By Nick Yates, ISB Communications
The International School of Beijing (ISB) runs one of the region's leading Chinese programs in an international school, and on Friday and Saturday it helped support the wider learning community by hosting the 18th Chinese Articulation Workshop and Conference.
The event was attended by educators from around the Asia-Pacific, all hungry to discuss approaches to teaching and to observe ISB's Chinese classes in action.
ISB inaugurated the Chinese Articulation Workshop in 2001, aiming to promote Chinese language instruction and culture education in international schools, and to encourage effective articulation among Chinese language teachers from kindergarten to grade 12. The workshop has traveled to different schools in the past 17 years and has attracted thousands of participants cumulatively in the Asia-Pacific region.
ISB is committed to teaching Chinese in terms of both language and culture, and recently established its Chinese Language and Culture Center to coordinate this work. The Articulation Workshop had a big focus on deepening language learning through culture. Guest and resident experts led talks and breakout sessions aimed at sharing experiences, best practice and resources to improve how Chinese is taught here and in other schools.
Students shared their experience of learning Chinese at ISB
"I learned a lot of strategies and activities I can do with my students – teaching from a picture book, for example," said Xiao Xiao Cheng, of Satit Bilingual School of Rangsit University, Thailand. "There were some very good ideas we picked up during workshops on critical thinking in reading and writing and on personalized learning. The challenge now is how to apply those philosophies in my school."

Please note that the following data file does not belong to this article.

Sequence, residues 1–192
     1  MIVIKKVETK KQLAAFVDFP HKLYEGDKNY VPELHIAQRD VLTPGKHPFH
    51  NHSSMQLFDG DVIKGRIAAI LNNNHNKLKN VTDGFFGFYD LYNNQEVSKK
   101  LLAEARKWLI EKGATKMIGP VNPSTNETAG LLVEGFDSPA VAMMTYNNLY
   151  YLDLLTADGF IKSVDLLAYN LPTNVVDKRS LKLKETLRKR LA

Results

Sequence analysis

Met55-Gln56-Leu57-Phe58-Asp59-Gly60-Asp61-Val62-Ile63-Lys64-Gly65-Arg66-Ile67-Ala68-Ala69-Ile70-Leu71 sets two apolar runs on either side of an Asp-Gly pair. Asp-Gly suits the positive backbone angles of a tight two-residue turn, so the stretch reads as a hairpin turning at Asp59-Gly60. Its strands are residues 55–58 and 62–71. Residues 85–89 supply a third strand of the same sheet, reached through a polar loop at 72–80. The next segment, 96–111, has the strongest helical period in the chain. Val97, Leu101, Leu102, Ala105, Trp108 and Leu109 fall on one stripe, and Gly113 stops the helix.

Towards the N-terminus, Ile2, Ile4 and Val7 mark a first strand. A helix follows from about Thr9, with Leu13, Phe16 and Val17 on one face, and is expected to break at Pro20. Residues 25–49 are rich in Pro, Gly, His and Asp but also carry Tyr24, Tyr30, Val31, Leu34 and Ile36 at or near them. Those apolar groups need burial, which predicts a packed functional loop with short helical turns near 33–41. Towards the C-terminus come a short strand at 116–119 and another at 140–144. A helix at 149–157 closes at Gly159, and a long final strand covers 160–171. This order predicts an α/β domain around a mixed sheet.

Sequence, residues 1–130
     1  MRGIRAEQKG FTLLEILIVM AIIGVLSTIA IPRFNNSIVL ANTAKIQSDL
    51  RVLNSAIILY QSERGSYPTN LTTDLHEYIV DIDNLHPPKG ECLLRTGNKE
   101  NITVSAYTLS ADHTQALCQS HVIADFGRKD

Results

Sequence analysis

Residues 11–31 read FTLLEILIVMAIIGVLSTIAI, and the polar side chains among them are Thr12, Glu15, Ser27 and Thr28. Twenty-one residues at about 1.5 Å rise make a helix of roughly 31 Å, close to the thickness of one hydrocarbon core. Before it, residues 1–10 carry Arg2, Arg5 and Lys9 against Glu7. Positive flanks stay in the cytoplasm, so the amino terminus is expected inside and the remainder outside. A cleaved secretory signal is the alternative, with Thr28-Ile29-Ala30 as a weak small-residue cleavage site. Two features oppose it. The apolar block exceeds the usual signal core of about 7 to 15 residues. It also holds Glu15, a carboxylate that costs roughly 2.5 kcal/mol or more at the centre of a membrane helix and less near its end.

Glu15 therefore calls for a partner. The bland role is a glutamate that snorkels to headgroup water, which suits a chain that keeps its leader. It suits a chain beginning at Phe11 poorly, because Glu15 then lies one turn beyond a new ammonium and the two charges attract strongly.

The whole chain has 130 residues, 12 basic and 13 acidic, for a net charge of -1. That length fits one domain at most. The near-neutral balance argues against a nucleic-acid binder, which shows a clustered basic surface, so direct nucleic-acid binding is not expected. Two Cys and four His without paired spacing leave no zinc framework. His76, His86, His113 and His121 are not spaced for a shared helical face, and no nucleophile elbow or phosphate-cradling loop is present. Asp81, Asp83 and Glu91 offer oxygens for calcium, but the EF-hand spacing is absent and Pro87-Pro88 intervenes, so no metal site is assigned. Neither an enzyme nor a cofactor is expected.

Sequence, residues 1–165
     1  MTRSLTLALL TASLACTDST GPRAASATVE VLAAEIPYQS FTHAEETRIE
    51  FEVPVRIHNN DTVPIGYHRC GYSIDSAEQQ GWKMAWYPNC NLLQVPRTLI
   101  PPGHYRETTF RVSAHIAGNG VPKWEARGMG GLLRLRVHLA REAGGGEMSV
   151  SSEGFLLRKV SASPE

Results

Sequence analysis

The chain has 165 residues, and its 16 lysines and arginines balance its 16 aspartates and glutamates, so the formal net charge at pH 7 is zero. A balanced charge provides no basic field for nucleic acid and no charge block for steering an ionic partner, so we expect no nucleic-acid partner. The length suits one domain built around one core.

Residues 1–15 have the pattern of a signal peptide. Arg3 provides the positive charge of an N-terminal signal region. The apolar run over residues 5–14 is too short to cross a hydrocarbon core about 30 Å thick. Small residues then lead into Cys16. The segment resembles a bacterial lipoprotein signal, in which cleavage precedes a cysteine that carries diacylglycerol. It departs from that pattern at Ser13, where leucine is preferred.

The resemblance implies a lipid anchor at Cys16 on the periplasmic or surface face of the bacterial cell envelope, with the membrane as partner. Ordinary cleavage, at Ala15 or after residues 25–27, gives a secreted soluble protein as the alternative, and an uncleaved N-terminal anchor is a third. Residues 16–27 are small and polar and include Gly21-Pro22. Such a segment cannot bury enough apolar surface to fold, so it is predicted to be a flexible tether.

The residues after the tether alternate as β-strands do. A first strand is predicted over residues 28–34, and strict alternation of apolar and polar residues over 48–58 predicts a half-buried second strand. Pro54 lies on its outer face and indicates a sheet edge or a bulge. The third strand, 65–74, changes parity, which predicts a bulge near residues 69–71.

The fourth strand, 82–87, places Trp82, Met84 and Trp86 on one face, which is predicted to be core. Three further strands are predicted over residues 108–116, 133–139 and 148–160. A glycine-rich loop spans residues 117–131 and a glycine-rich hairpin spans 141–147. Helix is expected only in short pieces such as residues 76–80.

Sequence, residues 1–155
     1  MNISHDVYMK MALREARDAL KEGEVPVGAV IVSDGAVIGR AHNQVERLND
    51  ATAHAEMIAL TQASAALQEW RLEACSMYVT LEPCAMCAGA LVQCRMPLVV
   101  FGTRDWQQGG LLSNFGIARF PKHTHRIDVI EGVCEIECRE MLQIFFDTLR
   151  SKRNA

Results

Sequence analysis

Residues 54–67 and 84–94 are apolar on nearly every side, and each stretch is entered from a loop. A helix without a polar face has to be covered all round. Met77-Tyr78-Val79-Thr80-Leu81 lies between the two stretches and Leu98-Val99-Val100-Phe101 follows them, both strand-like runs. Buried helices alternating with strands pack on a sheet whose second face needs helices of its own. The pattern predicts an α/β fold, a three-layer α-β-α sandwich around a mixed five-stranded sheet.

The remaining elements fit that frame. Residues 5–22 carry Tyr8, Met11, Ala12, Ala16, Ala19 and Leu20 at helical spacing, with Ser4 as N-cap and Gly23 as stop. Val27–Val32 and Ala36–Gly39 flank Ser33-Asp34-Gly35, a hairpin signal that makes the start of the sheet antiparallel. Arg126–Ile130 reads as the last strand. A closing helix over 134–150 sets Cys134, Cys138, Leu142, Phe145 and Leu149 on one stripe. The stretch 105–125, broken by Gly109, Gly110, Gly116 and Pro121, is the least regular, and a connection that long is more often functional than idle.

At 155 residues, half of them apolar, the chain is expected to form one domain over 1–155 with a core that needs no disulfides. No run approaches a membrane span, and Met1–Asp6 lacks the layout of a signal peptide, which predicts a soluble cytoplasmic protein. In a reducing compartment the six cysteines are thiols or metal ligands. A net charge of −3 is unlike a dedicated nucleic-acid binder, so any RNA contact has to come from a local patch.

A delegate from another international school in Beijing said the conference was an unmissable chance to meet teachers with different experiences. "My school's education is more classical; it was nice to see a more innovative curriculum."
Nancy Zhao from Singapore American School (SAS) ran a session on oral proficiency, and she enjoyed observing ISB teaching and comparing it to the teaching in her own school. "Chinese classes here [at ISB] are not only language classes, but it's an international school with a very big portion of Chinese literacy," she said. "I was impressed by how students are so immersed in Chinese literacy and culture. I've seen students sharing their heritage and their writing at quite a high level."
Ms. Zhao explained that it was important to have a strong connection between speaking and listening and literacy so student can discuss ideas in Chinese. She said, "It has a lot to with cognition and brain development. We need to use more Chinese in high-level thinking. International school students are already doing that in English, but that's something that's missing from a lot of Chinese classes.
"SAS has for the past five to seven years focused largely on speaking and listening; we're now thinking about a better way to combine that with reading. My focus has been to see how other schools are closing the gap between speaking and listening and literacy. I noticed at ISB how teachers are engaging students in reading and enjoying the language, rather than learning language just as a tool."